In today’s first reading, Sirach speaks to the challenge of following the law: all we must do is choose to follow. Wouldn’t it be great if it were that simple? I am reminded of someone whose solution to any problem is to say, “all you have to do is” with no regard for the big picture. There is never an offer of a solution for the problem. Most of us know life is not that simple. There are difficulties that arise due to the very nature of our humanity. When I hear the comment “all you have to do is ... ” I respond with a blank stare, not out of disrespect, but because there is nothing I could say that would make a difference. Instead, I have already moved to a problem-solving mode. Often I wonder if that is how Jesus felt on occasion.
Jesus knew that there is more to following the law in one’s life. In the Gospel of Matthew, he recognizes that understanding the law needs to be developed more fully. His followers are restless and questioning. He wants them to have the wisdom to appreciate the law on a deeper level. Where does the desire to kill come from? Where does it start? It starts with lust, anger, name-calling, bullying, acting without love or mercy. Right relationship is derailed when there is no clear understanding of these things. Like a pebble dropped in a pond the concentric circles radiate from the center. Everything around the center (the law) is affected by the wave of each circle as it radiates outward. The law is not simple but instead is layered with life, humanity and the culture of the times. Choices are not made in a vacuum but instead are made in relationship.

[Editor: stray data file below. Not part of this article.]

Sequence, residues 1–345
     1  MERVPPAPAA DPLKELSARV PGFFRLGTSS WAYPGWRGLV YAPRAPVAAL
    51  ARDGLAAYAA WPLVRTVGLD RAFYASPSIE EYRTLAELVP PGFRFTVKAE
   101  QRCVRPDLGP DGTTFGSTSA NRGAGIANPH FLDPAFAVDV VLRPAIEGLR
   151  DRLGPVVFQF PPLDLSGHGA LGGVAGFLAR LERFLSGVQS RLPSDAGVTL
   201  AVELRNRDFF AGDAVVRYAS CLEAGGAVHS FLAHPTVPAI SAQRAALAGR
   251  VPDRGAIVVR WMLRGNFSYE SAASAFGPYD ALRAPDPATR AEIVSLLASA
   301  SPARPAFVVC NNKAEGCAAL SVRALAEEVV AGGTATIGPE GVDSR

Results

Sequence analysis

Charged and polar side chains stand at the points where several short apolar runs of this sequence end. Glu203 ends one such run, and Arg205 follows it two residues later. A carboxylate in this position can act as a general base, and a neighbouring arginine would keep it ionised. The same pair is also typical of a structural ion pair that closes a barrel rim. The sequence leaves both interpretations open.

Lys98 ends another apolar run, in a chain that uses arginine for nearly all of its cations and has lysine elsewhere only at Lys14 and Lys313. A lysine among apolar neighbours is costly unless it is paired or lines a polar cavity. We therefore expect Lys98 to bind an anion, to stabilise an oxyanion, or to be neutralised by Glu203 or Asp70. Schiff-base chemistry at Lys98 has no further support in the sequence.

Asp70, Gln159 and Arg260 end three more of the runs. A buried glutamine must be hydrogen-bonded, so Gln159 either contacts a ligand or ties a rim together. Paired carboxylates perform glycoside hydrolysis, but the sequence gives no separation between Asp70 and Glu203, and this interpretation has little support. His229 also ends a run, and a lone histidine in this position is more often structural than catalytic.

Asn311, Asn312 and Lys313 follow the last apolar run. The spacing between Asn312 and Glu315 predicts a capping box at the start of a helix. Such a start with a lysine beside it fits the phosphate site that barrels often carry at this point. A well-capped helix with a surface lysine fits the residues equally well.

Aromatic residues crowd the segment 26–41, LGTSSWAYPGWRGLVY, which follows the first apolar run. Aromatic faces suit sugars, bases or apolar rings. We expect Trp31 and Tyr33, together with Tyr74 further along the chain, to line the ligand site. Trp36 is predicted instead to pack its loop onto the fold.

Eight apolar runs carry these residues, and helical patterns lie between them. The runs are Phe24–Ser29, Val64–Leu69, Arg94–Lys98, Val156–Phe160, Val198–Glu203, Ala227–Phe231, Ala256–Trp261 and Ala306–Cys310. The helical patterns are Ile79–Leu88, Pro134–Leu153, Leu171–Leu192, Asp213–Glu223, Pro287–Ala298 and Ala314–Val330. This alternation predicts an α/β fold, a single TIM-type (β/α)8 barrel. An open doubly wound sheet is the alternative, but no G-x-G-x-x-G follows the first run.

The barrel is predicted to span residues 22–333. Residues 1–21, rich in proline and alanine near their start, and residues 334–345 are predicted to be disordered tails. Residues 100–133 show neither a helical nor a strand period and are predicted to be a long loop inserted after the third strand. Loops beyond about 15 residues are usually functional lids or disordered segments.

Jesus came to fulfill the law — a law that must be perpetually deepened with growing wisdom of the time. The work of fulfilling the law is in unceasing evolution. How different that looks today in a culture that is driven by media and technology. The task of applying new wisdom gained over time in a culture that is becoming more and more diverse with new temptations, disguised as normal, requires resourcefulness. Nothing is static and must always be open to new interpretation and relevance.
Did Jesus really mean “pluck out your eye” or did he mean divert your eyes when you know your gaze is not respectful? Did he really mean “cut off your hand” or did he mean think about what that hand is capable of? Jesus asks that we not let the laws become stumbling blocks but instead be a foundation for growth. Don’t go to the altar without taking responsibility for your actions. Bring to fruition the steps that bring forth wholeness from brokenness.
The struggle with keeping the law should be taken seriously because it is the foundation of right relationship. Using that struggle helps to integrate morality and ethics into our daily lives and to build up the kingdom of God. Keeping the law is the work of mercy and love that heals. As the psalmist cries out: “Open my eyes, that I may consider the wonders of your law.” The law which manifests the basic values in an ever-changing world invites us to enter into the mystery. Consider the chaos without the continual fulfillment of the laws.